northern marianas

Super Typhoon Yutu initially threatened the Pacific Mini Games in the Northern Mariana Islands. Photo: Getty Images

COVID-19 vaccinations could be made compulsory for those attending next year’s rearranged Pacific Mini Games in the Northern Mariana Islands.

Andrew Minogue, the chief executive of the Pacific Games Council, said no decision has been made on the move but this could change.

“Our message would be to get vaccinated for your own protection, for protection of your family and your community,” he said to RNZ.

“I think that’s a message that all sporting bodies around the world will advocate to their membership and their stakeholders, but as for sort of hard and fast rules around that, we haven’t got to that point yet.

“It may come.

“I don’t think they got there for the Olympics but by June of next year it might be different.”

Saipan was due to host the Pacific Mini Games in June, but they were moved to next year to avoid a clash with the rearranged Tokyo 2020 Olympics.

New dates of between June 17 and 25 next year have been set.

COVID-19 was just the latest factor to disrupt preparations, after Super Typhoon Yutu caused widespread destruction among the islands in October 2018.

“We’re not out of the woods yet,” Minogue added.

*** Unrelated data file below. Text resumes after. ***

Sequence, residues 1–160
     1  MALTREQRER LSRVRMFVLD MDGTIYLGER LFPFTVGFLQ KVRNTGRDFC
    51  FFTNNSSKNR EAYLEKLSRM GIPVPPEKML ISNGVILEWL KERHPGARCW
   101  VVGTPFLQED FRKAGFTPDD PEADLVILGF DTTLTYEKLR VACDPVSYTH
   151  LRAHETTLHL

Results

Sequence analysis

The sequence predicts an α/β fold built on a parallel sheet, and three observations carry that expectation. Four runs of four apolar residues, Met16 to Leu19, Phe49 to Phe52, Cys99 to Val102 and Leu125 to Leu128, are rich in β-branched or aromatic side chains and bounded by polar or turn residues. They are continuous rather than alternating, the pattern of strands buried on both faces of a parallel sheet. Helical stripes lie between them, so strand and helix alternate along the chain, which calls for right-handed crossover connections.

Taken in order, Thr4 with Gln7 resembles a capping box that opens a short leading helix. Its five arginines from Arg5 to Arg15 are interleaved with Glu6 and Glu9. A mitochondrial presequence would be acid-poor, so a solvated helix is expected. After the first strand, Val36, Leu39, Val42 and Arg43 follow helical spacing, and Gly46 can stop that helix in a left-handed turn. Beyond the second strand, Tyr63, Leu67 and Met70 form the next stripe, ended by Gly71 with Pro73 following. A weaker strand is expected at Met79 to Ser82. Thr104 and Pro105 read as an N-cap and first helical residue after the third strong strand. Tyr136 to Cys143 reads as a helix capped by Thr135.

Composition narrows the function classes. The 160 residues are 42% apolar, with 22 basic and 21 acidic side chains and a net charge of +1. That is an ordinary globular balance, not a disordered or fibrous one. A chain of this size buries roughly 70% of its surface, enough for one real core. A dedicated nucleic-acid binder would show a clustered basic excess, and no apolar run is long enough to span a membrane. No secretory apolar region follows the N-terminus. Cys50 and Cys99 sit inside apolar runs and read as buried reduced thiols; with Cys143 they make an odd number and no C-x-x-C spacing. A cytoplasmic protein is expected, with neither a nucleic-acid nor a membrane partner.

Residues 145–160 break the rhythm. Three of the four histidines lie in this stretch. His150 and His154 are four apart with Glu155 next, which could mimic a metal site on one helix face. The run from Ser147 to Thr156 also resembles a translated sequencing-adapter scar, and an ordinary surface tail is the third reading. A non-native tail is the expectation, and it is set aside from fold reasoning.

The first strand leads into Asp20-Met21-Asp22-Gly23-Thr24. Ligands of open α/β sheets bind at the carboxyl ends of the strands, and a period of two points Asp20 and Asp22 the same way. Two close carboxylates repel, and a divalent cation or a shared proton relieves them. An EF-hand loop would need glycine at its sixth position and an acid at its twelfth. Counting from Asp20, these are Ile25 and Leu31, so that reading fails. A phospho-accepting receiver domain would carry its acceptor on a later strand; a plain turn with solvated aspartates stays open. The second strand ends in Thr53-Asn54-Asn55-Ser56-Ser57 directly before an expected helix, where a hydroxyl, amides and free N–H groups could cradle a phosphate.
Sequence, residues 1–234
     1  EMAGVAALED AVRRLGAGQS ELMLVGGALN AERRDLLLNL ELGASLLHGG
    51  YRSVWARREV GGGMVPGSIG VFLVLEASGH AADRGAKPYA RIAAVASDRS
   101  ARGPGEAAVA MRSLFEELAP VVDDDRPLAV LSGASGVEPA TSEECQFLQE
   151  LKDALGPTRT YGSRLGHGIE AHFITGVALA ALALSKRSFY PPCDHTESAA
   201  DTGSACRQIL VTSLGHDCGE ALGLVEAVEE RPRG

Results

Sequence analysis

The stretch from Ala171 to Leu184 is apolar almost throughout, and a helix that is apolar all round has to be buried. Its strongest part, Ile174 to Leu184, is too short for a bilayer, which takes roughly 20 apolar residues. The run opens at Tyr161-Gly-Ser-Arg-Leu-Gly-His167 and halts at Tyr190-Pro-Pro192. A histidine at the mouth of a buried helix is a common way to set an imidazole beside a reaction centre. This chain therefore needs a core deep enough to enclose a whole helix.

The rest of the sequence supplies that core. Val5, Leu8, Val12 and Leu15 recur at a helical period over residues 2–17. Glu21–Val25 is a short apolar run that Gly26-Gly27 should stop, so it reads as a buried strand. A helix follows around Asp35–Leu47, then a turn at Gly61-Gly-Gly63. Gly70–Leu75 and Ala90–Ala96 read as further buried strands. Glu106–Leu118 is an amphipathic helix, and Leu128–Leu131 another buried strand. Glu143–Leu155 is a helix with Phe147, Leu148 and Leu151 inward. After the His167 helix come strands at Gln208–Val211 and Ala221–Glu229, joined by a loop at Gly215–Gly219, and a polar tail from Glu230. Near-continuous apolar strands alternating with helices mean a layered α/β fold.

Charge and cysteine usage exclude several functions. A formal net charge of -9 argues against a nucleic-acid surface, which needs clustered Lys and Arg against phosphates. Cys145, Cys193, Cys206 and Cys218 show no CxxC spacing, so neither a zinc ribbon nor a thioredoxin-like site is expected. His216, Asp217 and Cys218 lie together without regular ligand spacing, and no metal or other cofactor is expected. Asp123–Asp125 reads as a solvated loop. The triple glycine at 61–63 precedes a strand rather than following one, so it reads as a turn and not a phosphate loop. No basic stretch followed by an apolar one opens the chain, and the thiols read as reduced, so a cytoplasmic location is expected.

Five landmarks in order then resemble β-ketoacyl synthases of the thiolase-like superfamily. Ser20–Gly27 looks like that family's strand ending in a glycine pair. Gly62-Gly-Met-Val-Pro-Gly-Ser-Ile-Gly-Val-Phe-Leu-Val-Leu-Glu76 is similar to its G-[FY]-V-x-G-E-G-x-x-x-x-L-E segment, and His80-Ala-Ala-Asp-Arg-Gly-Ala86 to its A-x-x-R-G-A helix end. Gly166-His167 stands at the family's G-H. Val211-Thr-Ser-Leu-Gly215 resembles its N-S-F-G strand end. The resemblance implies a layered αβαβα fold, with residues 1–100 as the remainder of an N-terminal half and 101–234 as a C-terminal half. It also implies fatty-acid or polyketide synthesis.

“Obviously there’s still a lot of work to do between now and June next year — but I think we all take great comfort in the fact that Tokyo happened, that an Olympic Games was delivered successfully.

“They kind of showed us all the way and we can see now since Tokyo that, particularly in Europe and the Americas, a lot of sport is opening back up to spectators and to the public and for athletes and teams to be able to move around.

“I think for us next year a remaining challenge is to make sure that we can get athlete representatives from all our countries.”

Under current rules, visitors to Saipan would need to record a negative COVID-19 test and quarantine for five days, even if they are double vaccinated.

Travellers who are unvaccinated need to spend two weeks in managed isolation.

“I’m hopeful that travel will be a lot more freely available by June of next year and we can actually get there from all the countries of the Pacific fairly easily,” said Minogue.

“We will just have to be very careful with how we all manage ourselves on the ground.”

Minogue added that the Pacific Mini Games could learn from Tokyo 2020.

“The way they managed the flow of athletes in and out of venues, how they had them perfectly quarantined in the Games Village,” he said.

“It’s something we’re going to have to work through with the on the ground conditions — things like masks, social distancing, making sure athletes have a plan in terms of where they’re going to go if it’s not at a competition, the Village or the training venue.”

Inside The Games

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